Rand famously and counter intuitively argued for the virtue of selfishness over the virtue of ‘self sacrificial’ altruism:

“Rand understands, though, that the popular usage of the word, ‘selfish’ is different from the meaning she ascribes to it. […] For her, the truly selfish person is a self-respecting, self-supporting human being who neither sacrifices others to himself nor sacrifices himself to others.”

The Virtue of SelfishnessConsequently the conventional definition of altruism – giving up more value than one gets in return – remains in place while the conventional definition of selfishness – getting more in return than one gives up – is abandoned. The resulting concept of Objectivist selfishness emerges as the ideal of non exploitation of others nor letting oneself be exploited.

Here it begins to be problematic however since there is good reason to think that altruism and egoism are non useful concepts to begin with. Once we realize this and start redefining selfish in line with the discoveries of modern science/philosophy and the recognition that a particular behavior – previously thought to be altruistic in the traditional sense – is revealed as actually serving the existence of the ‘altruistic’ individual we are getting into semantic muddy waters. Are we really speaking wisely when calling the tendency to throw oneself on a grenade to save 10 buddies a ‘selfish’ act in the Randian sense? Or does it become clear that Rand either did not understand the far reaching intricacies the concept actually entailed at the time or at the very least made an extraordinarily bad decision in her choice of words?

However one slices it, concessions need to be made by the Randian camp in this regard: Having chosen the word ‘selfish’ as she did, the term needs to either be radically redefined – to the point of being equivalent to selflessness – to fit newly gained insights from a fuller understanding of evolutionary dynamics or abandoned for another term. I myself much prefer the terms ‘rational’ and ‘irrational’ over the very problematic terms ‘altruistic’ and ‘selfish’.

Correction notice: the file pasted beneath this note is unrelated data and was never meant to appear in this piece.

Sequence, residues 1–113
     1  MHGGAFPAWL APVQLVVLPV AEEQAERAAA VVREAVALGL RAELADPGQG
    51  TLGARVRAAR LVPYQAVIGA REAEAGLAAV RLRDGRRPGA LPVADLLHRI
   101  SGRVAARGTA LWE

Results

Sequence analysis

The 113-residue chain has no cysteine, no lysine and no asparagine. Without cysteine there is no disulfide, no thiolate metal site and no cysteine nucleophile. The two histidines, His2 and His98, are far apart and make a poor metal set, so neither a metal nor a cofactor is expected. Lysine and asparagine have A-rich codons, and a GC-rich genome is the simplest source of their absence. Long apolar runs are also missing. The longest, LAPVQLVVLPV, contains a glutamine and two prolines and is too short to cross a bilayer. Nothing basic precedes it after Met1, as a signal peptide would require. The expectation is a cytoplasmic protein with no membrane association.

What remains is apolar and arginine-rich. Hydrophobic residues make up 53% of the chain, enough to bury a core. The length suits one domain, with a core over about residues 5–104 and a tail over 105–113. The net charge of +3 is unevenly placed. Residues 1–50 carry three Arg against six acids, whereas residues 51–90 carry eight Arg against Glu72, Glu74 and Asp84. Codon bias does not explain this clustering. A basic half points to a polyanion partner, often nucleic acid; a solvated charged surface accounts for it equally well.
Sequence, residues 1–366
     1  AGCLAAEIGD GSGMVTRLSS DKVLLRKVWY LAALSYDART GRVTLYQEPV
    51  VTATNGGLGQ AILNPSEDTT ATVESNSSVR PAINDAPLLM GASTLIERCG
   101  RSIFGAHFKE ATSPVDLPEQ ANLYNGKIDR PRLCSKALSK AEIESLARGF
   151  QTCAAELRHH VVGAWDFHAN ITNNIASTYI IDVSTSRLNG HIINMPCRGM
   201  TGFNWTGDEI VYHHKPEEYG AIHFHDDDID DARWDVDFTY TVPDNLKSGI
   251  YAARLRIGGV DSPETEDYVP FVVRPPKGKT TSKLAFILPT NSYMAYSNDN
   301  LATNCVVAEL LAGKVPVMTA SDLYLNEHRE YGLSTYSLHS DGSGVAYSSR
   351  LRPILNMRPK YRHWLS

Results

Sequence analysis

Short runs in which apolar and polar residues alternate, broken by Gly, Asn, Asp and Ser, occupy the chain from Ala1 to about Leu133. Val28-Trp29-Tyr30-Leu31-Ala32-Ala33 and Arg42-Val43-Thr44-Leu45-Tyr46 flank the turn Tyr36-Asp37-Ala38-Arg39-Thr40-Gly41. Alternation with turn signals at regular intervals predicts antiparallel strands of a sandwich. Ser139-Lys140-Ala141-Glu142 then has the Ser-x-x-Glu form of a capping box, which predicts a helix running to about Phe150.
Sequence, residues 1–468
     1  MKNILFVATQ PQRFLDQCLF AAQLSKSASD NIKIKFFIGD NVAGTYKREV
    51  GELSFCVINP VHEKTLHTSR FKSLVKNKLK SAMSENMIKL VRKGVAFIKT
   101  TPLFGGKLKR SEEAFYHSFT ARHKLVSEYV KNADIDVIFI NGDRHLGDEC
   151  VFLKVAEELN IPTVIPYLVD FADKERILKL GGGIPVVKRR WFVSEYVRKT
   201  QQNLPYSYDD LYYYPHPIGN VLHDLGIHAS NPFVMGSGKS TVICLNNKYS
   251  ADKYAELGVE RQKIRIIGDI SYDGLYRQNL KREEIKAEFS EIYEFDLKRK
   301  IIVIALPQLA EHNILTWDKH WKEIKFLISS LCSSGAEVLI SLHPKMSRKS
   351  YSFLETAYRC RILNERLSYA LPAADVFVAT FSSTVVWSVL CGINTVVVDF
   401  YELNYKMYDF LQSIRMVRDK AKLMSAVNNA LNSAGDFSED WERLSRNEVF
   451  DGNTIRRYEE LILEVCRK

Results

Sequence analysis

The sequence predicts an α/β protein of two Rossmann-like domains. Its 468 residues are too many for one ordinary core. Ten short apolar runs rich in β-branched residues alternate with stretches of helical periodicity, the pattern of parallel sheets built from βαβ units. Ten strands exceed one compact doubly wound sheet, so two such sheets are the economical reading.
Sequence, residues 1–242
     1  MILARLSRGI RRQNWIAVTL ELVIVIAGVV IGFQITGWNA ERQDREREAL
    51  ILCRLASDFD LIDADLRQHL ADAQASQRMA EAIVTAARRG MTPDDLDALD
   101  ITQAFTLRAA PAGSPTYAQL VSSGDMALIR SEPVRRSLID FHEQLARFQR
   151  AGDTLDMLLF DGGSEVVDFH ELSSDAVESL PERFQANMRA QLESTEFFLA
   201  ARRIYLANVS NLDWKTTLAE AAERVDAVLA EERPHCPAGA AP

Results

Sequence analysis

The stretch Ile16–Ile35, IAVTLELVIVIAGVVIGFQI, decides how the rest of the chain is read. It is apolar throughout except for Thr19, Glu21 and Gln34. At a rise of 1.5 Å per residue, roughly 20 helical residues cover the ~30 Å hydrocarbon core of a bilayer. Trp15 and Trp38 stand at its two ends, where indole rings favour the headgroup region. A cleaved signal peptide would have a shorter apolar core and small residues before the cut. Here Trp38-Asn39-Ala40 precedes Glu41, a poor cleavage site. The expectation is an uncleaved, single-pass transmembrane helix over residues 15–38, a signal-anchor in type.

Rand explains why she redefined selfishness in the introduction to “Virtue of Selfishness” as follows:

“In popular usage, the word ‘selfishness’ is a synonym of evil; the image it conjures is of a murderous brute who tramples over piles of corpses to achieve his own ends, who cares for no living being and pursues nothing but the gratification of the mindless whims of any immediate moment. Yet the exact meaning and dictionary definition of the word ‘selfishness’ is: concern with one’s own interests.”

What Rand fails to realize, is that Kant’s categorical imperative effectively forces oneself to be concerned with the other as well as the self in order to be non self contradicting in ones moral actions. At the same time, Kant’s categorical imperative is perfectly in line with traditional spiritual values (i.e. compassion), a relationship that becomes obvious once all the implications are laid bare.

We can thus deduce, that she failed to make the connection and consequently deluded herself into trying to avoid having to find a solution of what she saw as irreconcilable contradictions. What looked like a self sacrificial altruism to hear – caused by what seemed like sloppy metaphysical thinking on the part of the religious believers – was merely the result of teleonomical evolutionary dynamics having worked on the level of shared believes in groups. As a result the thus evolved faith based spiritual wisdom emerged as a sufficiently accurate approximation of rational morality: what I do to others I literally do to myself and vice versa. Consequently the concern for the other is equivalent with the concern for the self!

The error lies in Rand failing to draw the connection and therefore not understanding that there is no difference between the self and the other. As a result the two statements of ‘the self is all‘ (reason for advocating selfishness) and ‘the other is all’ (reason for advocating altruism) are equivalent. The error does not however lie in the accuracy of the faith based evolved approximation that just happened to have approached it from the other perspective as herself – at least in the Abrahamic tradition – Buddhism on the other hand got it less wrong again and Adviata Vedanta got it less wrong again.

Understanding what we do now – it becomes clear that her advocating selfishness is at least as wrong as advocating altruism – albeit from the opposite perspective. The ideal remains advocating rationality, from which the non-dual perspective emerges as the ideal that is to be approximated.